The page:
The Fed must hit the brakes or risk an unnecessarily painful recession


John Maynard Keynes famously said, “When the facts change, I change my mind. What do you do, sir?” One has to hope Federal Reserve Chair Jerome Powell heeds Keynes’ advice when he addresses the Fed’s annual Jackson Hole meeting Friday.

Economic facts have changed for the worse over the past few months. A rapidly weakening world economy and clear signs of economic cooling at home should ease US inflationary pressure substantially. If the Fed persists with its aggressive interest-rate hikes in these circumstances, it risks sending the economy into an unnecessarily deep recession to reduce inflation.

In recent speeches, Powell has signaled the Fed intends to maintain a hawkish monetary-policy stance until it sees very clear signs that inflation is moderating towards its 2% targeted level. The bank has been increasing its policy interest rate in 75 basis-points steps rather than by the more normal 25 basis points and rapidly reducing the size of its balance sheet by not rolling over the maturing bonds it holds.

Europe is expected to see an economic recession.
Europe’s economy was struggling even before Vladimir Putin threatened to cut Europe off from energy imports.
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The Fed is maintaining this hawkish posture even though the economy has contracted in two successive quarters. And it’s doing so despite the marked slump in consumer confidence and growing signs that sharply higher mortgage rates are causing the housing market to crumble. The central bank justifies its moves on the argument that inflation remains uncomfortably high at around 8.5% and the labor market remains tight as evidenced by an unemployment rate close to a 50-year low.

Surprisingly, the Fed seems to be turning a blind eye to the strong deflationary forces emanating from abroad as a result of the rapidly deteriorating state of the world economy. That deterioration has already propelled the dollar sharply higher and caused international commodity prices, most notably oil, to fall by more than 20%. There’s every prospect that in the period immediately ahead these deflationary forces will gather strength.

Europe would seem to be among the global economy’s most troubled parts. Its economy was struggling even before Russian President Vladimir Putin threatened to cut Europe off from energy imports in his effort to divide the continent over its support for Ukraine. If Putin carries out his threat this winter, Europe could experience a deep economic recession.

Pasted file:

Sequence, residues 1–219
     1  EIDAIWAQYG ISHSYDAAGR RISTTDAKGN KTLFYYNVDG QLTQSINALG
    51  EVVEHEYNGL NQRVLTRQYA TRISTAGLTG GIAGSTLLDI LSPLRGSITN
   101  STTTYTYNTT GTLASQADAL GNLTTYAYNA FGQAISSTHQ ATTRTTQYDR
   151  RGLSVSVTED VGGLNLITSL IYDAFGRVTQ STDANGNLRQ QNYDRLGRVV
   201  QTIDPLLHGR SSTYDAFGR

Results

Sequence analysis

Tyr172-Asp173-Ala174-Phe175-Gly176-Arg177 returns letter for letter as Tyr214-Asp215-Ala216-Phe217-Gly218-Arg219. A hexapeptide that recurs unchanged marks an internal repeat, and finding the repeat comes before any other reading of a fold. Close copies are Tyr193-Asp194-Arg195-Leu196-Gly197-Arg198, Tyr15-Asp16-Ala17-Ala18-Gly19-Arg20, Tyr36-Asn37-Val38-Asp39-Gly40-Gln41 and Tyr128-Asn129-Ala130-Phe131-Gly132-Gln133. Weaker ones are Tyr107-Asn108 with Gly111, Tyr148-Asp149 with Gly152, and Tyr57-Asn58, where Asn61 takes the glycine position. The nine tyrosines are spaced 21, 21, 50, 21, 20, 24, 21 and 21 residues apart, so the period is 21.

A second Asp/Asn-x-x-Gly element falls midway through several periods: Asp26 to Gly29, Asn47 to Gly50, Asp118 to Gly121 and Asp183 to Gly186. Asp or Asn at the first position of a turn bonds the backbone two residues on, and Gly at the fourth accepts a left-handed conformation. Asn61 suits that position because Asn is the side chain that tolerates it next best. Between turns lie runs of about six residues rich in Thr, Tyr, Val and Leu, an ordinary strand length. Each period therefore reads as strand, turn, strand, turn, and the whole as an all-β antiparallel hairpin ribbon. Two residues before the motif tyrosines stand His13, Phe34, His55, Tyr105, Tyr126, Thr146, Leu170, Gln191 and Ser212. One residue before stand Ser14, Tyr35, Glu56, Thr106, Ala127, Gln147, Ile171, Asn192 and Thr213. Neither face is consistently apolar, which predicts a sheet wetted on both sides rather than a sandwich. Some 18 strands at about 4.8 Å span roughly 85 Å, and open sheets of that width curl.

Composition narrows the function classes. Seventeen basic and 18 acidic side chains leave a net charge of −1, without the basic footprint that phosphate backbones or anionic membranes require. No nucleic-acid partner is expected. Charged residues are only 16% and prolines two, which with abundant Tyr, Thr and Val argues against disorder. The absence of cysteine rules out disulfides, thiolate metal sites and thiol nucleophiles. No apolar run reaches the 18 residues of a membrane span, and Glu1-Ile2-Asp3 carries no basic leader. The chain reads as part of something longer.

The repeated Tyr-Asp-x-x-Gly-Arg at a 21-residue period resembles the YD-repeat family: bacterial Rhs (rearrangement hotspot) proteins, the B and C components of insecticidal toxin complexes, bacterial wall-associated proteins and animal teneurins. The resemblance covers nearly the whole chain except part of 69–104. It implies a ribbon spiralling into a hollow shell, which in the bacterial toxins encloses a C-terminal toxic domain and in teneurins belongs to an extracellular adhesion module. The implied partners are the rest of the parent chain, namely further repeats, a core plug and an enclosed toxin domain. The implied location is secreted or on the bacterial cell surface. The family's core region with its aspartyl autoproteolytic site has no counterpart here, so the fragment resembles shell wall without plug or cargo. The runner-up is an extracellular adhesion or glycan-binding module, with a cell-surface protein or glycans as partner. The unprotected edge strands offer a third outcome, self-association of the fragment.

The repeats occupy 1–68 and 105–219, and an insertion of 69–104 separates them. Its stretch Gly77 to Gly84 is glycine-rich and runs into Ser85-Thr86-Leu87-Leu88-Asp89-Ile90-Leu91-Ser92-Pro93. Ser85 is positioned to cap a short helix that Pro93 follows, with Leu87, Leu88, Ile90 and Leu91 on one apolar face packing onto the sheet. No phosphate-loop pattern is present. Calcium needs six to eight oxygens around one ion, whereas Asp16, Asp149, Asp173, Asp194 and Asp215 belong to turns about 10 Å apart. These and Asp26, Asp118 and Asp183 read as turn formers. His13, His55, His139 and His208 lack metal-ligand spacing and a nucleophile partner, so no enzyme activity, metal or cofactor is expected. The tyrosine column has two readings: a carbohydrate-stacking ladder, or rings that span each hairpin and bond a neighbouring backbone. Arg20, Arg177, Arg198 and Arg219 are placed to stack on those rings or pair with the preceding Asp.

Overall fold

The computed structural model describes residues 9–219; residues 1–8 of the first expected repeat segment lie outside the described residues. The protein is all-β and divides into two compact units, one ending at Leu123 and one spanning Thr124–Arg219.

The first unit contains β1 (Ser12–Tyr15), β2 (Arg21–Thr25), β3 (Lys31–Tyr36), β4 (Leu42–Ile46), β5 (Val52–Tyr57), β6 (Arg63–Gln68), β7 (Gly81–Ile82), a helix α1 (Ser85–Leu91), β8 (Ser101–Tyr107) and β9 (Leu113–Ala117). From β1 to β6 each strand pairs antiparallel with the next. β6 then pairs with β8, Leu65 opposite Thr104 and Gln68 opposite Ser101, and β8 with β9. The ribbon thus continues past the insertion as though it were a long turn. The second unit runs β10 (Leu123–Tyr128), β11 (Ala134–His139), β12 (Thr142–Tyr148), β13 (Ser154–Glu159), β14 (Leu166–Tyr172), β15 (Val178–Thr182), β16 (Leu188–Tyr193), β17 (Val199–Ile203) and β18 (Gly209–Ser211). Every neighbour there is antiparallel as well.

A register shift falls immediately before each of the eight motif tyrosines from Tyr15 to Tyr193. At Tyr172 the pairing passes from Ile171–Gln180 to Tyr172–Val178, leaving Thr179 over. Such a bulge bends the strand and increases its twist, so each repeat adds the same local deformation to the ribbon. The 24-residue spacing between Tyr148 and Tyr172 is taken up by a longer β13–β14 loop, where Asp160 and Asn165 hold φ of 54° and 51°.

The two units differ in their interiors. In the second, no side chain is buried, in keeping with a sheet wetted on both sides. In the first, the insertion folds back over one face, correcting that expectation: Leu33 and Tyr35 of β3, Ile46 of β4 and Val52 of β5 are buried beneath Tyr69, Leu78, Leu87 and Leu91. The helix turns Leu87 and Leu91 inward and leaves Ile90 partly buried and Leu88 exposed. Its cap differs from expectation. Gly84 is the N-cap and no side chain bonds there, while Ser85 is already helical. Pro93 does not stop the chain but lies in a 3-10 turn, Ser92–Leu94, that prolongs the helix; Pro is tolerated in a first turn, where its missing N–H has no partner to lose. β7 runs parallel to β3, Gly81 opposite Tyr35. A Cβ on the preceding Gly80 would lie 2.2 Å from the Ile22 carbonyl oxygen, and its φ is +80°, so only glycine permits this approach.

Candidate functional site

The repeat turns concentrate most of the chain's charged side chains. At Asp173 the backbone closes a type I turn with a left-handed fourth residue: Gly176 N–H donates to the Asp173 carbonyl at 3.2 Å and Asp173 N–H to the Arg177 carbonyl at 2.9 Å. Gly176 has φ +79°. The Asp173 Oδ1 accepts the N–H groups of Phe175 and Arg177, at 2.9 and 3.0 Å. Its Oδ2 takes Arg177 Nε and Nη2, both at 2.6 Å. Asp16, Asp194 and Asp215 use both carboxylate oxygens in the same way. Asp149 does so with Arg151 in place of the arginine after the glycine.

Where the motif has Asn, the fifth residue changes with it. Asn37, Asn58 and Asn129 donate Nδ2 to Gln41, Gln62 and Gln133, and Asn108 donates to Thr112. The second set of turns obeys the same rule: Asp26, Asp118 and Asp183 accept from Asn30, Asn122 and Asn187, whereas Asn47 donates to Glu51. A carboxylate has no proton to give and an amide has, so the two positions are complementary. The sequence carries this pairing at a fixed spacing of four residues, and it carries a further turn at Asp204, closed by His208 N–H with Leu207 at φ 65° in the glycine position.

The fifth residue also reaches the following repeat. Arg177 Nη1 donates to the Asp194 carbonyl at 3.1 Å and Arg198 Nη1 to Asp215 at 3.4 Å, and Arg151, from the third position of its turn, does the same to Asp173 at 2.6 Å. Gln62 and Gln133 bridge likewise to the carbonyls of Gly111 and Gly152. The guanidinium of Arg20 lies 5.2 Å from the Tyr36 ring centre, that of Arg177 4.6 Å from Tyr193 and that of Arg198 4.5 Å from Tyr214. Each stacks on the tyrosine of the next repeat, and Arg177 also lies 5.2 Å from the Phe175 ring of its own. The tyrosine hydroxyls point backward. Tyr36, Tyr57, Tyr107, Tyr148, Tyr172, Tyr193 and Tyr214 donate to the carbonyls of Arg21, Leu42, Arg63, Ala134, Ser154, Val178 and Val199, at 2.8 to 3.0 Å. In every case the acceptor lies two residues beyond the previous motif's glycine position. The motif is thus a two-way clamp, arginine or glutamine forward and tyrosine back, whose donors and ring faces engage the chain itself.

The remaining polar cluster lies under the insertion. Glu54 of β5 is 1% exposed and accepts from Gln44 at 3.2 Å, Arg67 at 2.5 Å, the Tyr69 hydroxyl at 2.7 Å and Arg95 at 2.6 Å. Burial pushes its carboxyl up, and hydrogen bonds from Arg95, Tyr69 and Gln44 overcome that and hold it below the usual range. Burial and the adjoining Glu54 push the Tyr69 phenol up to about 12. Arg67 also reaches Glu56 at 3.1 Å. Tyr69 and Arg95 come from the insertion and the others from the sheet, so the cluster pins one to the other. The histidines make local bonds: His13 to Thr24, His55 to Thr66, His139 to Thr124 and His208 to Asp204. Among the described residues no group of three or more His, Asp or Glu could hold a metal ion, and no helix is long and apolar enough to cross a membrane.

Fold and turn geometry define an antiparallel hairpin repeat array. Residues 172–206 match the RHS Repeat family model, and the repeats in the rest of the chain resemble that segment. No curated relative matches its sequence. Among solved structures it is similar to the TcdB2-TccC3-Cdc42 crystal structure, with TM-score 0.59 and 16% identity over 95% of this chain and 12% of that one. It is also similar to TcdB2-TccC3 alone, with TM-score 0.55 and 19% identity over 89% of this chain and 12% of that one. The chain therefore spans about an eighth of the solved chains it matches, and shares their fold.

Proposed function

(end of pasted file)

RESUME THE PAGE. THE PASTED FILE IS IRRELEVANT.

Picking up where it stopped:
Without Russian natural gas, the International Monetary Fund says, the German economy could be almost 5% below where it would otherwise have been. Little wonder then that the euro has declined to below parity against the dollar, its lowest level in 20 years.

China was formerly on track to become the largest economy in the world.
China’s economy has seen a rapid halt in its growth.
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Compounding the world’s economic woes is the fact that the chickens seem to be coming home to roost in China’s imbalanced economy. Far from growing at the government’s targeted 5.5% rate, the Chinese economy has screeched to a virtual halt. This is a result of the country’s zero-tolerance COVID policy as well as the bursting of its property-market bubble.

That more than a million Chinese families are boycotting making mortgage payments does not bode well for any early recovery in the country’s economy. Nor does the prospect of heightened tensions between China and the United States over Taiwan.

As if Europe’s and China’s economic agonies weren’t sufficient reason for concern, the highly indebted emerging-market economies appear to be on the cusp of a wave of defaults. Argentina, Russia, Sri Lanka, Ukraine and Venezuela have already defaulted, with Egypt, Pakistan and Turkey looking to be next in line. They’re in this unfortunate position in great measure due to the large outflow of money from these countries in response to higher US interest rates.

Our country’s inflation prospects must be expected to benefit from the economic troubles abroad and the cooling at home. Not only are international oil, metal and food prices likely to continue to fall; the return of international investor risk aversion will probably damage our financial markets at the same time that a likely strengthening dollar will cheapen our import costs and diminish our export prospects.

By continuing to aggressively raise interest rates at a moment of incipient domestic economic weakness and a brewing perfect economic storm abroad, the Fed is inviting a hard US economic landing. Let’s hope that Powell recognizes this risk and dials down the pace of interest-rate increases.

Desmond Lachman is a senior fellow at the American Enterprise Institute. He was a deputy director in the International Monetary Fund’s Policy Development and Review Department and the chief emerging market economic strategist at Salomon Smith Barney.



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